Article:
International Monetary Fund. Monetary and Capital Markets Department
Published Date:
September 2000
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Status Under IMF Articles of Agreement
Article VIIIDate of acceptance: November 17, 1995.
Exchange Arrangement
CurrencyThe currency of Botswana is the Botswana pula.
Exchange rate structure
DualSome external loans undertaken by parastatals before October 1, 1990, are protected from exchange rate movements under a Foreign Exchange Risk-Sharing Scheme (FERSS). Under the scheme, risks associated with exchange rate fluctuations up to 4% are fully borne by the borrower, while the next 6% and the following 5% of fluctuations are shared between the borrower and the government in ratios of 50:50 and 25:75, respectively. Risks associated with exchange rate fluctuations in excess of 15% are fully borne by the government. The scheme is symmetrical in that the borrower and the government share any gains from an appreciation in the external value of the pula on the same basis. Under the FERSS, borrowers obtain foreign exchange for servicing their external debt at exchange rates that may differ from the market rate by more than 2%. The scheme is to be phased out once the existing loans are fully repaid. No new loans will be issued under this scheme.
Conventional pegged arrangementThe exchange rate of the pula is determined with reference to a weighted basket of currencies comprising the SDR and the South African rand. The central bank deals in four currencies: the dollar, the South African rand, the euro, and the pound sterling. Foreign exchange bureaus are licensed to deal in foreign currencies, on a spot basis only.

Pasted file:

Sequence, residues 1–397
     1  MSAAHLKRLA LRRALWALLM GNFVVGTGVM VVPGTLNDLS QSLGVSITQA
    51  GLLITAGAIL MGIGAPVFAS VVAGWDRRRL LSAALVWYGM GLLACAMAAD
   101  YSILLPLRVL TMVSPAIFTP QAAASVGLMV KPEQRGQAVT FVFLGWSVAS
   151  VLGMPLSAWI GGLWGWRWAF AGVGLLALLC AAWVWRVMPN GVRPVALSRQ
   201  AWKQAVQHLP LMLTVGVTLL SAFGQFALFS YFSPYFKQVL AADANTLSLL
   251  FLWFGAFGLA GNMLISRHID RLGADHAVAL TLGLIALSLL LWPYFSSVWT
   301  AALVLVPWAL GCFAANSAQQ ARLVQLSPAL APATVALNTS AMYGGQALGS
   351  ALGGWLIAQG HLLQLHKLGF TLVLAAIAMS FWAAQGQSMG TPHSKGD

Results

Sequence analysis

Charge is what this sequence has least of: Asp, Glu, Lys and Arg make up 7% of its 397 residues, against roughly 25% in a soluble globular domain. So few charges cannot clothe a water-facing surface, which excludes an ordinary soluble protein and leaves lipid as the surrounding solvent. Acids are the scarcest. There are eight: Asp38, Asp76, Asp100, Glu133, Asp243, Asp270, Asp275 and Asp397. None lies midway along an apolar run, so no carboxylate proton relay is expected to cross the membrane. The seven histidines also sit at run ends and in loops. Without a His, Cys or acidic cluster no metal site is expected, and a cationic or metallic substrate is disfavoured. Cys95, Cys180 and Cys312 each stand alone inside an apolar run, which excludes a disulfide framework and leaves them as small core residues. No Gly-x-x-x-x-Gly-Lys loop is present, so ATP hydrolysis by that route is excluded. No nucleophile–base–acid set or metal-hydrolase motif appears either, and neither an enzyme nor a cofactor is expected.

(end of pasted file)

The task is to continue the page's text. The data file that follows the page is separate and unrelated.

Exchange taxNo.
Exchange subsidyNo.
Forward exchange marketForward exchange cover is offered by the commercial banks, and the maturity dates of forward exchange contracts/transactions are not restricted.
Official cover of forward operationsYes.
Arrangements for Payments and Receipts
Prescription of currency requirementsThe requirement that payments from abroad be made in foreign currency was abolished with the removal of exchange controls on February 8, 1999. Transacting parties are now free to determine the currency of the transaction. Residents are permitted to make payments for goods and services sourced from outside Botswana using pula-denominated checks, provided that the traders outside Botswana are willing to accept their collection by banks outside Botswana. Such transactions are subject to supporting documentation for checks in amounts exceeding P 10,000.
Payment arrangements
Bilateral payment arrangementsBotswana is a signatory to various bilateral trade agreements with the following countries: China, the Czech Republic, Republic of Korea, Malawi, Romania, Russia, the Slovak Republic, the Federal Republic of Yugoslavia (Serbia/Montenegro), Zambia, and Zimbabwe.
Regional arrangementsBotswana is a member of the SACU, which allows for free import movements and, hence, has no restrictions on trade-related payments to or from SACU countries.